The importance of autonomy can’t be understated when it comes to performance; most workers are no longer motivated mainly by pay raises and monetary rewards, but by flexibility and autonomy.
Stress and unrealistic workloads
Stress and burnout rocketed during the pandemic, but just because the worst days of COVID are (hopefully) behind us, that doesn’t mean the issue has disappeared. The world of work has changed forever, and remote working is here to stay.
But not everyone is suited to this way of working, and with the barriers between work and home becoming increasingly blurred, stress and burnout remain at an all-time high. When employees are stressed, anxious, or struggling with their workload, their ability to work at their best will be compromised.
Signs of an underperforming employee
So how can we make sure we recognize underperformance when we see it? What are some of the signs of an underperforming employee?
- Increased absenteeism or regularly being late. If employee absenteeism starts to increase it’s a good indication that someone is finding it difficult to commit to their work, they’re struggling with something, or they simply don’t want to be there.
- Low motivation and energy. Employees who are underperforming lack the motivation, energy and enthusiasm to push themselves and work at their peak. They struggle to stay focused and feel disengaged and detached.
- The quality of work drops. Mistakes happen – but making repeated mistakes is a sign of carelessness, and an indication that an employee has checked out and isn’t committed. A decline in the quality of work suggests an employee is merely going through the motions.
- Drop in productivity. If targets or objectives are no longer being met, or deadlines are being missed, it’s a good sign that an employee is disengaged and underperforming. A drop in productivity can suggest that an employee is doing the bare minimum, and nothing more.
- Poor feedback from others. When employees underperform, their coworkers may start to complain. Because most people won’t complain right away, by the time coworkers start to give adverse feedback, it’s usually become an issue. An employee might become rude to their colleagues, react disproportionately, communicate poorly, or habitually miss deadlines.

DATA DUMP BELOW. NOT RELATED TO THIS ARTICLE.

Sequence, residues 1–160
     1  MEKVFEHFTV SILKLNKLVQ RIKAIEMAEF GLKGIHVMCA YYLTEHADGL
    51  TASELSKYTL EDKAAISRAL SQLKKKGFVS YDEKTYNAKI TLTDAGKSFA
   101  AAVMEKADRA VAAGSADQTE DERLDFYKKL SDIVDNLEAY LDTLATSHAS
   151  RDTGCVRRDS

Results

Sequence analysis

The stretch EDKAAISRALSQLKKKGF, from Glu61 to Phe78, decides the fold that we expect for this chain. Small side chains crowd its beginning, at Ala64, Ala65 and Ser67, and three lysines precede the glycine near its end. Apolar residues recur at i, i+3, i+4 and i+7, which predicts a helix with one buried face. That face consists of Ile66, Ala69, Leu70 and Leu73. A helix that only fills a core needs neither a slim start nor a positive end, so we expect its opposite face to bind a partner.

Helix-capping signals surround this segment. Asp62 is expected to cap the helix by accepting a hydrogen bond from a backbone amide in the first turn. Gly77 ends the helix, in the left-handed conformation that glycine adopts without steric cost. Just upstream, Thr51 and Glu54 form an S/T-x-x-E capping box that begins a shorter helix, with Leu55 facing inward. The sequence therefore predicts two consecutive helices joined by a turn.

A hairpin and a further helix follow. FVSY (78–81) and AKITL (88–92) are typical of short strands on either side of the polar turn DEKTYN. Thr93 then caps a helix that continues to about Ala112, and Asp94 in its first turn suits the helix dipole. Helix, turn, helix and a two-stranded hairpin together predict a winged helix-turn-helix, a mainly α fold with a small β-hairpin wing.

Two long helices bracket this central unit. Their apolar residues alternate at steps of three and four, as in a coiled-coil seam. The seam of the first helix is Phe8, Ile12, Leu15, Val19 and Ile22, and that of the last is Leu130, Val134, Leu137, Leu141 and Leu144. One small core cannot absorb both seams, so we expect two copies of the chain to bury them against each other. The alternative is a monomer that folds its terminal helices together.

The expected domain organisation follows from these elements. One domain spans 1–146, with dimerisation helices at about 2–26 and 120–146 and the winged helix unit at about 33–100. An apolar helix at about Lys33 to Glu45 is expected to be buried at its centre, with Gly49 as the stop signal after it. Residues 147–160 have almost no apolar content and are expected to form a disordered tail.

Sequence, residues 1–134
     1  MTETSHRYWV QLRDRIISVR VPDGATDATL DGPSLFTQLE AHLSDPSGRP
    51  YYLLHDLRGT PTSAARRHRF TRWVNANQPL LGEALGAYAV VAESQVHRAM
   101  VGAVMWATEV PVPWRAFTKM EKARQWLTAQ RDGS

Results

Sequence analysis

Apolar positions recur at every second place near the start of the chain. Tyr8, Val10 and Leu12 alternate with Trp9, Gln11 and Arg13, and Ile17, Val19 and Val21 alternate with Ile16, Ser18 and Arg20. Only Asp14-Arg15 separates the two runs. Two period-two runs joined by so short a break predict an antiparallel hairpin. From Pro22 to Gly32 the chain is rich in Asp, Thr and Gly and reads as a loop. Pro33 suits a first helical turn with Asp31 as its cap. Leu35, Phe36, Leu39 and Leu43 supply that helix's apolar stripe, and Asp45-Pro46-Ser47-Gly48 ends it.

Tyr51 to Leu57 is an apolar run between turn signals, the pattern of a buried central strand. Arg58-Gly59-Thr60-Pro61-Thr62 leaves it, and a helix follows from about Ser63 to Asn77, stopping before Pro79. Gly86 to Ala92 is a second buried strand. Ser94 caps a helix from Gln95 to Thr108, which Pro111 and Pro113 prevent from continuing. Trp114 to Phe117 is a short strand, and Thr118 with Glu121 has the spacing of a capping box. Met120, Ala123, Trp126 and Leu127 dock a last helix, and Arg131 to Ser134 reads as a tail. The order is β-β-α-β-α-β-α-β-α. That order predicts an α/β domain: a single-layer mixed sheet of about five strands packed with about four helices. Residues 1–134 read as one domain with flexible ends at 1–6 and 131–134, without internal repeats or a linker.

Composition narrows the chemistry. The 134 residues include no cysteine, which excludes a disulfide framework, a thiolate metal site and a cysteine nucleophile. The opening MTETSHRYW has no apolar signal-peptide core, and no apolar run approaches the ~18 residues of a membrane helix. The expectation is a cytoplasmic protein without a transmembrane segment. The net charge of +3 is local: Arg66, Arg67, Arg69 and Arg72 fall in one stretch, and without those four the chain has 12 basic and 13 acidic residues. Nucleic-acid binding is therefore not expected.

Ideas to improve employee performance
Now we’re clued up on what underperformance actually looks like and what causes it, we can now look at how to actually improve employee performance. What are some of the most effective strategies to improve employee performance?
1. Set performance KPIs
Perhaps the first thing that should be addressed is the importance of setting performance KPIs – because without KPIs you can’t properly assess individual team member’s performances. While KPIs shouldn’t be used in isolation to assess performance, they work well as high-level markers to indicate overall productivity, and make it easier for managers to identify and address potential problems.
It’s important to know which are the best performance KPIs to track. Generally speaking, the best universal KPIs include revenue per employee, profit per employee, utilization rate, average task completion rate, overtime per employee, and employee capacity. For accurate measurement, you can use automatic time trackers like Timely to work out these KPIs.
To find out more, have a read of our earlier post on employee performance KPIs.
2. Invest in training and development
Some of the most effective ways of improving employee performance aren’t quick fixes, but require playing the long game. Investing in training your employees and developing their skills isn’t just a way to improve their performance and help them work to a higher quality, it’s also a way to foster loyalty to your organization as a whole, which can boost both retention and engagement.